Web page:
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The Conversation

  • Written by Emmaline Bexley, Senior Lecturer in Higher Education, University of Melbourne
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The pre-budget announcement of changes to higher education funding made by Education Minister Simon Birmingham last night includes an increase in student fees of 1.8% per year between 2018 and 2021, totalling a 7.5% increase over all.

This will equate to a rise in fees for Australian undergraduates of $2,000 to $3,600 over the course of their degree.

The repayment threshold for Higher Education Contribution Scheme (HECS) will also be lowered.

These increased fees and faster repayment schedules for students will be accompanied by an “efficiency dividend”, which cuts funding for teaching by about 2.8% in 2018 and 2019 (equivalent to a A$380 million reduction in 2019).

What does this mean for students?

For students, this means that they will need to borrow more for an education, and will pay it back sooner. And the education they pay for will be delivered by universities under increased financial stress.

This is straightforward “no winners” austerity politics, common now around the developed world.

The way the proposed changes were introduced to the public was particularly interesting, with the government sending out a press package that included a paper by Deloitte on the cost of teaching (very technical reading) as well as a list of vice chancellors’ pay and links to building projects being undertaken by universities.

Clearly the scene was being set for a reduction in funding on the basis that universities are presently overfunded – yet the fee increases and funding reductions revealed later in the day were modest compared to expectations.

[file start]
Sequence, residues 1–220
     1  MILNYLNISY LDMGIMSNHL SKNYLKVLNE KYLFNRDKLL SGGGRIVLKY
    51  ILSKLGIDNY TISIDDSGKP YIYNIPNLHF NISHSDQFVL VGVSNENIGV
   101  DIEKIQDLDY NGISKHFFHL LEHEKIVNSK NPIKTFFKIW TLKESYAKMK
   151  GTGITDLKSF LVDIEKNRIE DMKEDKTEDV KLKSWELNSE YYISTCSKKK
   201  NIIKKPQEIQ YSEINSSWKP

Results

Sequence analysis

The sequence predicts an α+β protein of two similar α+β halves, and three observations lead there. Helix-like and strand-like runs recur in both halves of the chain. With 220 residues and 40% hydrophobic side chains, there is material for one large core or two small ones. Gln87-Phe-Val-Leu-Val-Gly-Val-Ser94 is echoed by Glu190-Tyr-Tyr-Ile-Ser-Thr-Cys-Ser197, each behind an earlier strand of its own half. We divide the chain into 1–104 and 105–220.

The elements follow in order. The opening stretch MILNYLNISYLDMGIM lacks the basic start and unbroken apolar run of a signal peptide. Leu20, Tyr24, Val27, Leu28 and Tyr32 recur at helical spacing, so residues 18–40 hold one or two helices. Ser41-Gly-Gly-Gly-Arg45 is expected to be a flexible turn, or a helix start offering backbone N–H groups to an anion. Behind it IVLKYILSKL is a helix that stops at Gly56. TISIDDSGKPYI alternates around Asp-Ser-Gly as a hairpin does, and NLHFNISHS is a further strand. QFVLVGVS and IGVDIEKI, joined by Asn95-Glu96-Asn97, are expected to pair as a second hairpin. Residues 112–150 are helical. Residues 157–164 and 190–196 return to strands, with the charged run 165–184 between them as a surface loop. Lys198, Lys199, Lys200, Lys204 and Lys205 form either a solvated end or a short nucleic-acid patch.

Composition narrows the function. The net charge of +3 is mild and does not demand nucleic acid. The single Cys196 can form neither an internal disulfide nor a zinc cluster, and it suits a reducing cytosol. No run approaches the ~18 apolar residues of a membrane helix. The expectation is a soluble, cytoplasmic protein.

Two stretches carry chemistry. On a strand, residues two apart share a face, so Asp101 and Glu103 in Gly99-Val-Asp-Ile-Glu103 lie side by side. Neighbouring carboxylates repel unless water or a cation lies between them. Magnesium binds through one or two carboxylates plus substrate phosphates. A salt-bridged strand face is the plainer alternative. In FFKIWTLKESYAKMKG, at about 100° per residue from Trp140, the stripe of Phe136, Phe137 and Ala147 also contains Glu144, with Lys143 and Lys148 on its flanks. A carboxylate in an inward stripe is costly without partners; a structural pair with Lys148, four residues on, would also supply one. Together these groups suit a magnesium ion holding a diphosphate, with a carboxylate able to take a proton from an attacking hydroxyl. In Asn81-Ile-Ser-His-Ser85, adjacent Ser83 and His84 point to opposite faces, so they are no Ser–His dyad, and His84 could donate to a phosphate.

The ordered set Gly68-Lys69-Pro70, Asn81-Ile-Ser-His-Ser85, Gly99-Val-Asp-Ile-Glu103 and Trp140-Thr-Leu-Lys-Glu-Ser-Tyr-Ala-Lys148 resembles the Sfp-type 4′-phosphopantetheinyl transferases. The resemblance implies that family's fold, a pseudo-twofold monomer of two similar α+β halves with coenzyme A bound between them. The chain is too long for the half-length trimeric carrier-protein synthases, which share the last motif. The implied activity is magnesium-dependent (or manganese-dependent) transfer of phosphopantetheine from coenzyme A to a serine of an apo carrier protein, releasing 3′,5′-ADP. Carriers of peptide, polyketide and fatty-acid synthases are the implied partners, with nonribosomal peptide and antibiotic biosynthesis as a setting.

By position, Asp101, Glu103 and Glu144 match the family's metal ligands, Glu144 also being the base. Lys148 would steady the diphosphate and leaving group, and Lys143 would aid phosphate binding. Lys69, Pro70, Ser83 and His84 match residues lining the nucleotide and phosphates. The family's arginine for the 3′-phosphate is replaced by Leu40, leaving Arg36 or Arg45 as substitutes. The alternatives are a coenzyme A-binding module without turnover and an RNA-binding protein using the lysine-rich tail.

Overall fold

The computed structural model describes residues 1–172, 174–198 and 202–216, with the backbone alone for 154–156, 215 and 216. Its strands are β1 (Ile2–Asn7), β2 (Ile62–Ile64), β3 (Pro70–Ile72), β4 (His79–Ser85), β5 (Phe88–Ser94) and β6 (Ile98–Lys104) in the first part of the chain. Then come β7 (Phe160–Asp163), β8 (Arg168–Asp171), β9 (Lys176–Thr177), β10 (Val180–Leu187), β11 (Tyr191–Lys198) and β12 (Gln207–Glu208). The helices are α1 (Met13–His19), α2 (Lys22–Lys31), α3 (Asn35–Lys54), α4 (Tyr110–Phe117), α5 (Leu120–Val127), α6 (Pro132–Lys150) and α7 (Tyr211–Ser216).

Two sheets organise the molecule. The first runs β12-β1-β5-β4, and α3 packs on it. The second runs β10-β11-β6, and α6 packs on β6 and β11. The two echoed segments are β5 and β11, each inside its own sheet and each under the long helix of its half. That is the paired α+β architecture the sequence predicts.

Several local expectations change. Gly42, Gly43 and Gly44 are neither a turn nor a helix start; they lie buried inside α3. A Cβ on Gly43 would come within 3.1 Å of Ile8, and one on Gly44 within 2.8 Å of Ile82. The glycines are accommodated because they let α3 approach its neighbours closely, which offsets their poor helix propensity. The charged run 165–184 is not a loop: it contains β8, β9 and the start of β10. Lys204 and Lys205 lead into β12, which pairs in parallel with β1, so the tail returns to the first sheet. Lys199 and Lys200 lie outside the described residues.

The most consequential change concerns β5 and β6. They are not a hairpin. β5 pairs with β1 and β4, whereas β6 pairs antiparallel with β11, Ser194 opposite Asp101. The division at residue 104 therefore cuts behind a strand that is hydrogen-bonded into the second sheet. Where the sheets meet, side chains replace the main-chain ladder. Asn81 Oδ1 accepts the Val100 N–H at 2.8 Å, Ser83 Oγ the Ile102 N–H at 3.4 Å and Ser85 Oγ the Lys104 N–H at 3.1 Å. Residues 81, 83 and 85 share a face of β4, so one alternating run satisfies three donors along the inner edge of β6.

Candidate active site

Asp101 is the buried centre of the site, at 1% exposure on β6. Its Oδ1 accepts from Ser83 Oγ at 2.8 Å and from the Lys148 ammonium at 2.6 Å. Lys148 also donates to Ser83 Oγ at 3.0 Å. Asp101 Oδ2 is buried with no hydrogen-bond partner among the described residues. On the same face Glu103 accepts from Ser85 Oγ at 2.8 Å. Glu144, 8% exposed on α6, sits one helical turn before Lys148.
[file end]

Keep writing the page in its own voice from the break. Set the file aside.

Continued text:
Fee increases starting at 25% had been speculated on across the national media, and the proposed 20% cut to funding had been hanging over the sector since 2014.

What the Deloitte paper reveals

Analysis of the Deloitte paper makes interesting reading. A comparison with the conclusions drawn from it by government is particularly revealing.

For example, the ministerial release asserts that the Deloitte paper shows:

[university] revenue has grown faster than costs – between 2010 and 2015 the average costs of delivery per student have increased by 9.5%, compared to per student funding growth of 15%.“

Deloitte, however, specifically cautions that the cost of teaching figures from their earlier 2010 paper and the new 2015 data,

cannot be compared as direct growth or decline in costs relative to funding over the five years to 2015, given the differences in the sample, and differences in cost collection approaches.

Deloitte also warns:

Similarly, caution should be taken in drawing inferences about the sufficiency of [Commonwealth Grant Scheme] funding directly from these [cost of teaching to funding] ratios.

Yet the government media release accompanying the report was accompanied by talking points including that universities "have been pocketing taxpayer funds beyond the costs of their operations”.